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In the 21st century, adopting environmentally sustainable practices have become a part of our daily lives. Many of us are concerned about our environmental “footprint” and have taken measures to reduce that footprint. However, there is one practice that does not get a lot of attention, and needs improvement. Our grass cultivation practices have not made the jump into the sustainable 21st century and remain stuck in the 1950s.

While we have petitioned against pesticides used in our food crops, homeowners continue to apply pesticides to their lawn at 10 times that rate. In the United States, 80 million pounds of toxins are dumped on lawns each year. Also, Americans burn 1.2 billion gallons of gasoline annually just for mowing. Lawn maintenance is a major source of greenhouse gases. And that’s not all - there is also the huge amount of water wasted to consider - a one-third acre lot can squander more than 36,000 gallons of drinking water every month in the summer. While these figures are American, Canadians have not jumped into the 21st century with their lawn cultivation techniques either.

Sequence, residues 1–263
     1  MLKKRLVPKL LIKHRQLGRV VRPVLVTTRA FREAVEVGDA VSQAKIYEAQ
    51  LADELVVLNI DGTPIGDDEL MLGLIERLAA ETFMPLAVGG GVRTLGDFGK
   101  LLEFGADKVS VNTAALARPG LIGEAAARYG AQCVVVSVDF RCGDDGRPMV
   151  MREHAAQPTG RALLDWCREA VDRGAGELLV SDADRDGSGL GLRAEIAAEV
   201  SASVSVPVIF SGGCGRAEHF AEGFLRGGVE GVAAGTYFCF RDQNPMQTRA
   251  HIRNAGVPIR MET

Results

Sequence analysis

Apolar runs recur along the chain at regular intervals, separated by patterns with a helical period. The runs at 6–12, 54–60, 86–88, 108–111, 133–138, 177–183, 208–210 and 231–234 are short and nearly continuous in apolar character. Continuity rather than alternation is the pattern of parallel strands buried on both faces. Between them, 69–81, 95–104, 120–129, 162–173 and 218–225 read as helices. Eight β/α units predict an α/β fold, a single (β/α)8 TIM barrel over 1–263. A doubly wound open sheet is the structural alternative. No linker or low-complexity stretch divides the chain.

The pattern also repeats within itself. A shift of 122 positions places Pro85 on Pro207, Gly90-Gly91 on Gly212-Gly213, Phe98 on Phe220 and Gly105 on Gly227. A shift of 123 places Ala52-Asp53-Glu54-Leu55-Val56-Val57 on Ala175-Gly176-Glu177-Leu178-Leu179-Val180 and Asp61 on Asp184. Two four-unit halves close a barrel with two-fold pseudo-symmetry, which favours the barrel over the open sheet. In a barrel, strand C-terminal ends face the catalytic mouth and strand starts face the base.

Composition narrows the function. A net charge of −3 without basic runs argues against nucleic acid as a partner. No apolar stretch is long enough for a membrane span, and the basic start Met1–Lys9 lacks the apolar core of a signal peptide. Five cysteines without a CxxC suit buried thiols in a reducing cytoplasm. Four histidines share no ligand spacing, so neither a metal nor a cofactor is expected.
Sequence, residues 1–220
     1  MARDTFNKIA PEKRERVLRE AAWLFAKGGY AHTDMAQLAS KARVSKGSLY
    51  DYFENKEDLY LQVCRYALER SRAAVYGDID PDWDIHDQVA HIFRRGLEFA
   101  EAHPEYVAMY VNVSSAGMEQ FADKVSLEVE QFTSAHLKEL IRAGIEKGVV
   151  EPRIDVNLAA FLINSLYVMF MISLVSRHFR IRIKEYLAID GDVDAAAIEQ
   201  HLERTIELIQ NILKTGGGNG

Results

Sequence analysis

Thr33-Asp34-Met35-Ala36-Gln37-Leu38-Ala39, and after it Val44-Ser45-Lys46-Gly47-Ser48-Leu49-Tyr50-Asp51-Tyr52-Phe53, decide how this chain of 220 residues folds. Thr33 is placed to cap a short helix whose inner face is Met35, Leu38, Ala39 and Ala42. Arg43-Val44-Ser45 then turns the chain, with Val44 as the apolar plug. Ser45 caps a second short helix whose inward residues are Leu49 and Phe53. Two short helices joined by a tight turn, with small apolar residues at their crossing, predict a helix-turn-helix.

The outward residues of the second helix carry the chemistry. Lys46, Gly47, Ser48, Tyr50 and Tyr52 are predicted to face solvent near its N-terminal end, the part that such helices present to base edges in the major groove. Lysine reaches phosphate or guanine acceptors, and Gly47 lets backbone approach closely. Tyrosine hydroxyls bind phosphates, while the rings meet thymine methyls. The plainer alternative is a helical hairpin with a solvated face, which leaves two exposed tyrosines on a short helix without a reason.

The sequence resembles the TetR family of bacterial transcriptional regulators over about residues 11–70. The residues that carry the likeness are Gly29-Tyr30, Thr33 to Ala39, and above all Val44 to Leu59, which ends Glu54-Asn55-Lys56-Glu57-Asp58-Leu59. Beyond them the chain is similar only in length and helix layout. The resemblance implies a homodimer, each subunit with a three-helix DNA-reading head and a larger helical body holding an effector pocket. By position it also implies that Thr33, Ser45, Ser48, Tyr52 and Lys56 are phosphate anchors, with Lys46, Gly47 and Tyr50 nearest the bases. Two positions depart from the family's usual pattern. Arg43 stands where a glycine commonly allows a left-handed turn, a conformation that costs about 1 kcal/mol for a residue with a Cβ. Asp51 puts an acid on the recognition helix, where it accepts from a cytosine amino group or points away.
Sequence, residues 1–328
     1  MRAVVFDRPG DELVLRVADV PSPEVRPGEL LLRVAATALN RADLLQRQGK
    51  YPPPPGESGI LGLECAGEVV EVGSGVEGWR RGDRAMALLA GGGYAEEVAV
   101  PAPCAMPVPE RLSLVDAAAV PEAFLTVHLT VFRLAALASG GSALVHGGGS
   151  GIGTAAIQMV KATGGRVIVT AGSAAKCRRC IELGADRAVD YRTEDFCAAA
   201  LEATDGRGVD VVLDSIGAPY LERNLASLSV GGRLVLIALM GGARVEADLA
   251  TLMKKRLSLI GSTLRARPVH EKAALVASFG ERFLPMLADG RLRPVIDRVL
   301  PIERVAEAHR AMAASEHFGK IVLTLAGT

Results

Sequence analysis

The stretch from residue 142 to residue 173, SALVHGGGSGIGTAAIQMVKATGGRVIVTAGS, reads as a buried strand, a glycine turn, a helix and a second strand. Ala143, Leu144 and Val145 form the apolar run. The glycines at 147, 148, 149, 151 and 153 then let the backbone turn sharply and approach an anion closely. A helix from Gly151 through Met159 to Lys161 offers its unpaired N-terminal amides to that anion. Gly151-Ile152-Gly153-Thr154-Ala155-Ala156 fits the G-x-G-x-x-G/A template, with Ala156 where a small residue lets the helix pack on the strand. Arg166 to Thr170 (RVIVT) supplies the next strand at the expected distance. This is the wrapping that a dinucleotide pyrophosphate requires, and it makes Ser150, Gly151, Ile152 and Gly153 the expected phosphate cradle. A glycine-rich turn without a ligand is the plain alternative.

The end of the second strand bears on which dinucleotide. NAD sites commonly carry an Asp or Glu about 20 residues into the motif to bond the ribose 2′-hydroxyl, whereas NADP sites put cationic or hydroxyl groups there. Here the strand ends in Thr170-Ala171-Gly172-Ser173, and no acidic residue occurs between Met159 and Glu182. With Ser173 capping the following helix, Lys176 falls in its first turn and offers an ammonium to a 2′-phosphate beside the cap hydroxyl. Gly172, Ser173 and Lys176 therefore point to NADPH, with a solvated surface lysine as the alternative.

However, this fact has not gone unnoticed, and turf researchers have been developing blends of tough, self-sufficient grasses which produce lawns that are able to flourish without pesticides and at a fraction of the precious irrigation and fertilization requirements. They do require some weed protection during the first winter and spring after planting, but once they are mature, are extremely weed-resistant. From an owner’s perspective, the best part about these turfs is that they require only infrequent mowing, as they are much slower-growing than traditional grass.  

Another benefit of sustainable turf is that its easy maintenance also makes it a good habitat for low-growing wildflowers and seasonal bulbs, which attract butterflies, native bees, and other pollinators. And with the possibility of crocuses, violets, clovers and bluebonnets growing in the turf, it also looks more beautiful than regular grass.

Your best choice for sustainable turf depends on where you live. For example, in the West, Habitruf, a mixture of naturally short-growing native grasses can, once rooted, withstand a four-week drought with a single watering and needs no more than one mowing a month. The best option is to ask a turf specialist what best suits your climate.

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